A HEADTEACHER has welcomed moves to shelve controversial plans to axe funding for free buses to and from faith schools.
Michael Lee, headteacher at English Martyrs School and Sixth Form College, in Catcote Road, said the move by councillors removes the “anxiety” for parents and pupils.
Hartlepool Borough Council was considering axing £125,000 of funding in a move which would affect 340 pupils at the school.
But a last-minute budget amendment agreed will see the transport continue for at least the next financial year.
Around 25 staff and students from the school cheered from the public gallery when the decision was made at a full council meeting.
Mr Lee said: “I am pleased that the council has decided to fund the transport for at least one more year.
“The councillors listened to the concerns and I believe have taken the sensible step.
“There has been a lot of anxiety with people not knowing what the situation was going to be next year.
“Students did not know whether they would have transport to and from school next year and parents of primary school children did not know if they would be getting transport next year.
“It has been very worrying.”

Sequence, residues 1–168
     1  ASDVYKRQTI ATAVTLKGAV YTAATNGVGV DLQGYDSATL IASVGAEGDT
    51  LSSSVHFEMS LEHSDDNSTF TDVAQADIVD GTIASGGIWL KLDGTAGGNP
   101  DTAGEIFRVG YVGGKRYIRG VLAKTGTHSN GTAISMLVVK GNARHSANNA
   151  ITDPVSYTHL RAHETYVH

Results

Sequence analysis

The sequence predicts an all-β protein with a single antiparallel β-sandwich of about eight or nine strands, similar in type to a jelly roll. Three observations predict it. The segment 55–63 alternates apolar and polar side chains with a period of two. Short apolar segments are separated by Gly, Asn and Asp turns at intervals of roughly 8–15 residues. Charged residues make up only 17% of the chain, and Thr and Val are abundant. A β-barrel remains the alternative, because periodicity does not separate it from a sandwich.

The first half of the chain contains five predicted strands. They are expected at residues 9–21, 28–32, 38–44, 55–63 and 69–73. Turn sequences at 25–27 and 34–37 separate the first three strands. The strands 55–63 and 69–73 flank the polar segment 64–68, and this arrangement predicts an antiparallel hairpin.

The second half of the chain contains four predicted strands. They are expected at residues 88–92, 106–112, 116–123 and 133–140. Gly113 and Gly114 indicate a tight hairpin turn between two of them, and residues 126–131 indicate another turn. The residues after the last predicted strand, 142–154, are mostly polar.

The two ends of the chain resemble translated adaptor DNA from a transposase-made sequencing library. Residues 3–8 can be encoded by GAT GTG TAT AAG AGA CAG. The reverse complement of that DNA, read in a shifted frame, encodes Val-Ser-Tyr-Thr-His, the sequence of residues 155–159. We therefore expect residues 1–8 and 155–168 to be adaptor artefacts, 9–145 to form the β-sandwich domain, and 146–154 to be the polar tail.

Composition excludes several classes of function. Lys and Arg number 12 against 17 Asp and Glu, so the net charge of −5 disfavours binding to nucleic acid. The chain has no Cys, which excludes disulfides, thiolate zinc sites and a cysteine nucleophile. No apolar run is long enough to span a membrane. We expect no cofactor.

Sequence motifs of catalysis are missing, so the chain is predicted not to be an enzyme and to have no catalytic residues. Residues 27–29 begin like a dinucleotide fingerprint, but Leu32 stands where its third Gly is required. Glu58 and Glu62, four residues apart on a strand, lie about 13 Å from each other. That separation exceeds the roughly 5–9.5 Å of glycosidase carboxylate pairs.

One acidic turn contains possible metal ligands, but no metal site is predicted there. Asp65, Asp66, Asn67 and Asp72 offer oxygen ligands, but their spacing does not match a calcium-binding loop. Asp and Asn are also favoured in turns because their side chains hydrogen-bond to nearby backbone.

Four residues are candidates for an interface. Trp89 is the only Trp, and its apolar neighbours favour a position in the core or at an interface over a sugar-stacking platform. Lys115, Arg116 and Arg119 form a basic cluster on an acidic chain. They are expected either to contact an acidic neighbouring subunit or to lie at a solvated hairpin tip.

Mr Lee added that any proposal to withdraw transport in the future would have a “devastating impact” on some families.
Despite councillors agreeing to keep running the service, a consultation to decide the long-term future is ongoing.
A report is due to go before cabinet in March and then to the full council to see what the long-term future holds.
At the full council meeting, independent councillors Paul Thompson and Mike Turner originally called for money set aside for new ward budgets to be used to fund the service.
But it was eventually agreed to fund it from the Job Evaluation Appeal Reserve after a proposal from the Labour Group.
Labour councillor Christopher Akers-Belcher said he did not want any parent leaving the meeting thinking councillors did not have the parents best interests at heart.
Coun Turner said: “We were happy as long as we knew the funds were in place.
“The issue will come back next year and I think we have to look seriously at the way school transport is funded nationally.”
Coun Thompson added: “We have to do what we can to remove these barriers to education.
“For it to be put on parents that English Martyrs is a school of choice when for them it is a school of faith is two very different things.
“I am delighted that the transport budget for faith schools was reintroduced.”
The transport was being considered because it is not a statutory requirement.
But the council does have a statutory duty to provide home-to-school transport for secondary school pupils whose school is more than three miles away from their home and for primary school pupils whose school is more than two miles from their home.
In addition, the council has a statutory responsibility to provide free transport to those pupils who are from low income families.